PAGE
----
“Recalling its resolutions 1325 (2000), 1820 (2008), 1888 (2009), 1889 (2009), and 1960 (2010), on women, peace and security and its resolutions 1612 (2005), 1882 (2009), 1998 (2011) and 2068 (2012) on children and armed conflict, recalling the conclusions of the Security Council Working Group on Children and Armed Conflict, including inter alia the adoption of action plans to put an end to the recruitment and use of children by armed groups, including by self-defence militias, calling on the parties in Central African Republic to engage with the Special Representative on Children and Armed Conflict, and also recalling resolutions 1265 (1999), 1296 (2000), 1674 (2006), 1738 (2006), 1894 (2009) on the protection of civilians in armed conflicts,
“Emphasizing that inclusive political dialogue, respect of the rule of law, democratic governance, participation of women in peacebuilding, respect for human rights, justice, accountability and economic development, are necessary for a lasting peace in the Central African Republic,
“Encouraging stakeholders, including the Peacebuilding Commission, to assist in addressing peacebuilding challenges in the country and looking forward to the rapid appointment of a new Chair for the Central African Republic Country specific configuration of the Peacebuilding Commission,
“Acknowledging the useful contribution of the Peacebuilding Fund to peacebuilding in the Central African Republic,
“Welcoming the first visit of the Special Representative of the Secretary-General for Sexual Violence in Conflict in Central African Republic to support the national efforts to address this issue,
“Having considered the report (S/2012/956) of the Secretary-General on the situation in the Central African Republic and on the activities of BINUCA,
“1. Decides to extend the mandate of BINUCA until 31 January 2014;
“2. Requests the Secretary-General to provide a report, no later than 31 March 2013 on the situation on the ground and an assessment regarding how BINUCA can further implement its priorities in light of recent events; expresses its intention to consider this assessment in the following weeks;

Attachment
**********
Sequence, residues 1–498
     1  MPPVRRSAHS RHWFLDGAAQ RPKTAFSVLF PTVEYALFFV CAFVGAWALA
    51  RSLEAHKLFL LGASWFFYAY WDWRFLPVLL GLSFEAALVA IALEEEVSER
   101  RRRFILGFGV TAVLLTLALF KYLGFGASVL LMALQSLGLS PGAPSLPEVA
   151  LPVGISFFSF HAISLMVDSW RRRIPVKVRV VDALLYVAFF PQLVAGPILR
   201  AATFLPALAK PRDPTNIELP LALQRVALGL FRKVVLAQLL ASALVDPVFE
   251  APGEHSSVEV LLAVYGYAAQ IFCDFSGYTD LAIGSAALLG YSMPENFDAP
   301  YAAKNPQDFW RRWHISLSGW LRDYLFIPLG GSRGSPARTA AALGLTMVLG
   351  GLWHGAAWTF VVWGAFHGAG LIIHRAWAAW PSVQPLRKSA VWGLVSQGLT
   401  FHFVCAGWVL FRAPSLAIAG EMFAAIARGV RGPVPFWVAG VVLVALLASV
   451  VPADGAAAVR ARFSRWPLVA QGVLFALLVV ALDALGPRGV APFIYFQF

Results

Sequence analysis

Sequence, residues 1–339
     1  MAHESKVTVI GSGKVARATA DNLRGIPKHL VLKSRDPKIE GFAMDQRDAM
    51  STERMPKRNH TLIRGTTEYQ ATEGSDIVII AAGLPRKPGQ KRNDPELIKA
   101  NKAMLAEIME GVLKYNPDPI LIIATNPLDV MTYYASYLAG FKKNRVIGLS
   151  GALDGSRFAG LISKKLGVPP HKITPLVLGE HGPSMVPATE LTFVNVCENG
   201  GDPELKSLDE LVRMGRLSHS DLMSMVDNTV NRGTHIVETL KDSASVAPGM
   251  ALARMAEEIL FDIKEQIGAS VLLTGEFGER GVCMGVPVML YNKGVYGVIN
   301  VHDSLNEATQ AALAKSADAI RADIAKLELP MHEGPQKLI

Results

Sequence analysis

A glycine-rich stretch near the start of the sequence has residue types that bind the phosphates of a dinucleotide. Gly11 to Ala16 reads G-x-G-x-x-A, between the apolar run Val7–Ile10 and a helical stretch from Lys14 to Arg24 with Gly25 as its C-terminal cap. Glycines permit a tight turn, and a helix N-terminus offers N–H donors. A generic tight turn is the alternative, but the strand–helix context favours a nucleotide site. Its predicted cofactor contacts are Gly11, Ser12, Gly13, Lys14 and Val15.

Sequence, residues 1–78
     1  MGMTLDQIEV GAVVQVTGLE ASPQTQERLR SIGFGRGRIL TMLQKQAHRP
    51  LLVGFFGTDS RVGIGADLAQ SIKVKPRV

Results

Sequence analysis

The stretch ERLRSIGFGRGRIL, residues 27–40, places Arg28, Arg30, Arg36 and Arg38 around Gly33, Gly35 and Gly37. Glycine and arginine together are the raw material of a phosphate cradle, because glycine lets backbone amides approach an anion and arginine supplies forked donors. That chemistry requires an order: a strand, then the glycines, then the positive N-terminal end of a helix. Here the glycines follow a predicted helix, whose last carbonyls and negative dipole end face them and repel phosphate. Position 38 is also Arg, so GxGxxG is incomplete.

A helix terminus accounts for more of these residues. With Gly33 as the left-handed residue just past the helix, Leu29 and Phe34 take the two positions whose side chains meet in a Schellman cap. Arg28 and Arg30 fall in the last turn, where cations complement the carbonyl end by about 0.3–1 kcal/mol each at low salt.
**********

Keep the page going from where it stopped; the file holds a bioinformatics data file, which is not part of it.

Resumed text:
“3. Further requests the Secretary-General to provide an update report of the situation on the ground by 30 June 2013 and every six months thereafter;
“4. Calls on the Government, “Seleka” Coalition, armed groups and democratic opposition to abide in good faith by their commitments in the Declaration of principle signed in Libreville on 11 January 2013;
“5. Calls for the expeditious and full implementation of the ceasefire signed between the Government and “Seleka” Coalition, and of the political agreement on the resolution of the crisis signed between the presidential majority, the democratic opposition, the armed groups, the “Seleka” Coalition, the President of the follow-up Committee and ECCAS; and in this regard, welcomes the appointment of a representative of the opposition as the Prime Minister of the government of National Unity;
“6. Requests that BINUCA continue to support the peacebuilding processes in the Central African Republic, as provided in its current mandate, including the DDR and SSR processes, support the efforts of ECCAS in this regard; and use its good offices to work with all parties to facilitate the full implementation of agreements signed in Libreville on 11 January 2013; calls upon international community to provide further support to peacebuilding process in Central African Republic;
“7. Underlines the important role of the bodies in charge of following up the implementation of these agreements;
“8. Expresses strong concern at the security situation in the Central African Republic, which remains extremely precarious, welcomes in this regard the continued efforts of MICOPAX in support of durable peace and security in the Central African Republic, and calls on countries in the Central African subregion, and regional and subregional organizations to consider, upon request of the Central African Republic, appropriate measures to improve the security situation in the Central African Republic and the subregion;